It’s also worth noting that I was less than two years away from being born when this chart was first generated. Now, that might seem to make me unqualified to comment, but the reality is this: just like many other younger folks, I was exposed to all of these songs at one time or another from birth to the present via the same channels as those who were there: radio, records and tapes, and sometimes TV too. So much so, in fact, that it feels like I might as well have been there. But I wasn’t, and maybe it was for the best. There’s far more of a coolness factor in being able to proclaim you were born the year Elvis Presley died and “Elvis Costello” entered the public consciousness. Not that I’ve ever been cool or anything, but stillÁ¢€¦

Anyway, on with the dissection of March 22, 1975!

10. Don’t Call Us, We’ll Call You – Sugarloaf/Jerry Corbetta Amazon iTunes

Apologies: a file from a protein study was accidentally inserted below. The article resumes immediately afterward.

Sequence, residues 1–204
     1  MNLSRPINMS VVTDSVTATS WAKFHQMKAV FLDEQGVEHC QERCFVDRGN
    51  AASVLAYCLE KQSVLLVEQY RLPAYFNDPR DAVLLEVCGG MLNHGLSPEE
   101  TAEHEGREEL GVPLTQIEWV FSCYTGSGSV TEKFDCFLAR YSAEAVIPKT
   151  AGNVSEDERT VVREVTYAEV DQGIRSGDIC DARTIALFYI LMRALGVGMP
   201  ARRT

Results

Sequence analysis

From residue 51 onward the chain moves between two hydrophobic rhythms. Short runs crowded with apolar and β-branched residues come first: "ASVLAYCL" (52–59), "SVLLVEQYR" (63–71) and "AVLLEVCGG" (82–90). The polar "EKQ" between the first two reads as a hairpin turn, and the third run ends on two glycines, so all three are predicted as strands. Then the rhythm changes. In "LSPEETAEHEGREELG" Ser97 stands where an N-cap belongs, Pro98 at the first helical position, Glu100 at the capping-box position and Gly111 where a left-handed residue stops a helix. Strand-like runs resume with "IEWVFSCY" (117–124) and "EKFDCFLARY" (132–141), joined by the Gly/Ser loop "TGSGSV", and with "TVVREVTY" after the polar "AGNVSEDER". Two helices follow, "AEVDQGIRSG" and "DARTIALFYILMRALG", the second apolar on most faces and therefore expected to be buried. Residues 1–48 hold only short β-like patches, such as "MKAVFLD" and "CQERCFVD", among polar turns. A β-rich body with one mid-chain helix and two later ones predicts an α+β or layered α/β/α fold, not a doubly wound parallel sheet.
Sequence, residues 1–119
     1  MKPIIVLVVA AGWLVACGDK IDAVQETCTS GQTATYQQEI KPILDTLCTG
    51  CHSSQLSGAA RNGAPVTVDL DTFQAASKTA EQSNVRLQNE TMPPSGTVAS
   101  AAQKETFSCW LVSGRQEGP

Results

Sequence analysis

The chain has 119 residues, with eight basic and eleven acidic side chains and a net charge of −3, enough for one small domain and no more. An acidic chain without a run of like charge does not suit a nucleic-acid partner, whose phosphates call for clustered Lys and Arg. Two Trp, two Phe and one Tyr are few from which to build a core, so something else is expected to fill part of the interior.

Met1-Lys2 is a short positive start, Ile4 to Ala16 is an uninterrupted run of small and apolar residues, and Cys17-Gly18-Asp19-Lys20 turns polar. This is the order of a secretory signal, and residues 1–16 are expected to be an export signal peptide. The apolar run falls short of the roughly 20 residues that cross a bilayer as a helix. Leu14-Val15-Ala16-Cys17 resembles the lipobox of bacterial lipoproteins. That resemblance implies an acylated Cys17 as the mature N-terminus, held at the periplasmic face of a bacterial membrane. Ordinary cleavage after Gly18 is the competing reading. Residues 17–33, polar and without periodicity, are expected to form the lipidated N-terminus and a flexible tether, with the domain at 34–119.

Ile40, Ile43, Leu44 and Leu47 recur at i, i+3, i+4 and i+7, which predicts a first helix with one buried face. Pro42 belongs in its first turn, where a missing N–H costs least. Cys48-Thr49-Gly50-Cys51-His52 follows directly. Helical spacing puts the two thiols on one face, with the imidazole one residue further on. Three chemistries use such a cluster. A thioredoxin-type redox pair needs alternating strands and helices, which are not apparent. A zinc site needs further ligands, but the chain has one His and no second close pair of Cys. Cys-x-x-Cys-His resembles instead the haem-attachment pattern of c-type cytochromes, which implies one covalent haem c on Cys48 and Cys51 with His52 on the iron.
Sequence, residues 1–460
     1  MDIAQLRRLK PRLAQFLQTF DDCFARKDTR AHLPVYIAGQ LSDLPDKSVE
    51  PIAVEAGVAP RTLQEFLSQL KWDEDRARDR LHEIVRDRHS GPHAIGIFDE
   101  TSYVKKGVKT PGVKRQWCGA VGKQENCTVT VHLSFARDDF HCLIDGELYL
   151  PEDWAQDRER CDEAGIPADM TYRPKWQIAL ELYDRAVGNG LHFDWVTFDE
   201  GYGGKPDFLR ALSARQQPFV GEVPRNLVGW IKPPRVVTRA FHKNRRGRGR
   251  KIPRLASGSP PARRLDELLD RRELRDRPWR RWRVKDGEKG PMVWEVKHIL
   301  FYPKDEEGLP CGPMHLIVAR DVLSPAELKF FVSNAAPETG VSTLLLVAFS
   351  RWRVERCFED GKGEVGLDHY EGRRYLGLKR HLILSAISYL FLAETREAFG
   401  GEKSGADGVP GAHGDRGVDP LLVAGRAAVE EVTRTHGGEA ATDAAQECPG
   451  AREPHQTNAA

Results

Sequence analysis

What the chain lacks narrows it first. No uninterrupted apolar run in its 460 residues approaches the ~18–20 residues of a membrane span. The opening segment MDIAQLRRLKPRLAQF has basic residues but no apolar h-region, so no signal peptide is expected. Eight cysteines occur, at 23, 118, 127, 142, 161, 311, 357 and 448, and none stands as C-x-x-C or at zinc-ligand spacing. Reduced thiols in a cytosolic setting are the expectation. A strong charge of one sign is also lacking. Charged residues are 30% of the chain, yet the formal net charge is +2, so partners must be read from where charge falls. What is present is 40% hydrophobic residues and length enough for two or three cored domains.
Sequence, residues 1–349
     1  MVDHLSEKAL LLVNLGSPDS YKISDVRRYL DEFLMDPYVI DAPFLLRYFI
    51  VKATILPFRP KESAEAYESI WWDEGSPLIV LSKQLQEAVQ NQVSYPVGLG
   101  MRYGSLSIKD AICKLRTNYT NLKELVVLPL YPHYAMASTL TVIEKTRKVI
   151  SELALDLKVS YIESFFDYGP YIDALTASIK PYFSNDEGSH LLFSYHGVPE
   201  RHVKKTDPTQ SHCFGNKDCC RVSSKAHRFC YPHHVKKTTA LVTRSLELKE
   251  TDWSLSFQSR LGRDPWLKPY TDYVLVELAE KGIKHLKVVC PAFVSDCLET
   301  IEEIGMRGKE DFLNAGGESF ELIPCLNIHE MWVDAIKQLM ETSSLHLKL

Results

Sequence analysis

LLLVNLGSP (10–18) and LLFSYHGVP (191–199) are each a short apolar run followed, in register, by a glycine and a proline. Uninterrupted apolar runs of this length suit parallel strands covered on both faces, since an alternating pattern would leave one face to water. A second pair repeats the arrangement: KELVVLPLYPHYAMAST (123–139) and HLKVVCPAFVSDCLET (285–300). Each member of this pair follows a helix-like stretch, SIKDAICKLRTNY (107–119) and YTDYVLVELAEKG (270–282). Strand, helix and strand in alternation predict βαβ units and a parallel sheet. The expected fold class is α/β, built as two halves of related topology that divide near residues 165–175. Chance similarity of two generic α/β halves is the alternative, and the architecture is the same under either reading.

9. No No Song/Snookeroo – Ringo Starr
Amazon iTunes
8. Poetry Man – Phoebe Snow Amazon iTunes
7. You Are So Beautiful – Joe Cocker Amazon iTunes
6. Express – B.T. Express Amazon iTunes
5. Have You Never Been Mellow – Olivia Newton-John Amazon iTunes
4. Black Water – The Doobie Brothers Amazon iTunes
3. Lovin’ You – Minnie Ripperton Amazon iTunes
2. Lady Marmalade – LaBelle Amazon iTunes
1. My Eyes Adored You – Frankie Valli Amazon iTunes

10. Don’t Call Us, We’ll Call You – Sugarloaf/Jerry Corbetta (download)

Though I don’t particularly like the designation, I’ve always lumped Sugarloaf into that hokey “one-hit wonder” category, in spite of the fact that their second album for Liberty Records, Spaceship Earth, wasn’t half bad and was as decent a follow-up to their debut album (Sugarloaf, with the awesome B3-powered single “Green Eyed Lady”) that we ever could have hoped for. Why? Well, for one, “Green Eyed Lady” is the only song anybody remembers from Sugarloaf. Secondly, their other hit, “Don’t Call Us, We’ll Call You” doesn’t count on a technicality. It’s credited to “Sugarloaf/Jerry Corbetta.” As if singling out Jerry Corbetta would somehow make a song wholly dependent on the instantly identifiable guitar riff from the Beatles’ “I Feel Fine” more marketable? So where’s that solo career, huh?